Tuesday, November 3, 2009
The Exotic Canadian Export Fur
A small piece of baby harp seal fur in mint condition is worth as much as $7000 USD, so it's no wonder the trafficking of these animal is so profitable and that every means necessary is used not to damage their skin, even if it means using excruciatingly cruel ways of killing the animals. One way of putting down the baby seal is by shooting it, it's quick and painless, but the skin is damaged. Another method, much more brutal, is to beat the animal to death with a hakapik (a wooden bat), which leaves the fur intact. Important detail: over 90% of slaughtered seals through the latter process are only a few weeks or even days old.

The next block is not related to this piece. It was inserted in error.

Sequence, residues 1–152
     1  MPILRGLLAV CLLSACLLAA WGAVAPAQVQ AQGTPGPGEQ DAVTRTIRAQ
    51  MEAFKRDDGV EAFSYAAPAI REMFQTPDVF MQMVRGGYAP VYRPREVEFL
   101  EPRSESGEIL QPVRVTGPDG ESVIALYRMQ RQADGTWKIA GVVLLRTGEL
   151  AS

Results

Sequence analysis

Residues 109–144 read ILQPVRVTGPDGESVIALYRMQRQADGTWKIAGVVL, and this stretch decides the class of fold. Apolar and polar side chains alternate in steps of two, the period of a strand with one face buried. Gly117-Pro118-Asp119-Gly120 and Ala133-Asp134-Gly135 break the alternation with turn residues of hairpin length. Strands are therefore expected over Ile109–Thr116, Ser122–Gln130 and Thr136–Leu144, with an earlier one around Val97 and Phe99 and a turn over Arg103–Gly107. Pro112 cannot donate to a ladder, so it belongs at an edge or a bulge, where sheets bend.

Paradoxically, this type of hunting, just as cruel as, or even more cruel than whaling is still allowed in some countries. One of them is the civilized Canada, the subject of huge international pressure, that argues, as a defense, that the canadian government only grants permits to private businesses. However, they set an anual quota of a quarter of a million baby harp seals killed... Another country that still allows the slaughter of these animals is Russia, in which there is actually intensive breeding of harp seals in captivity.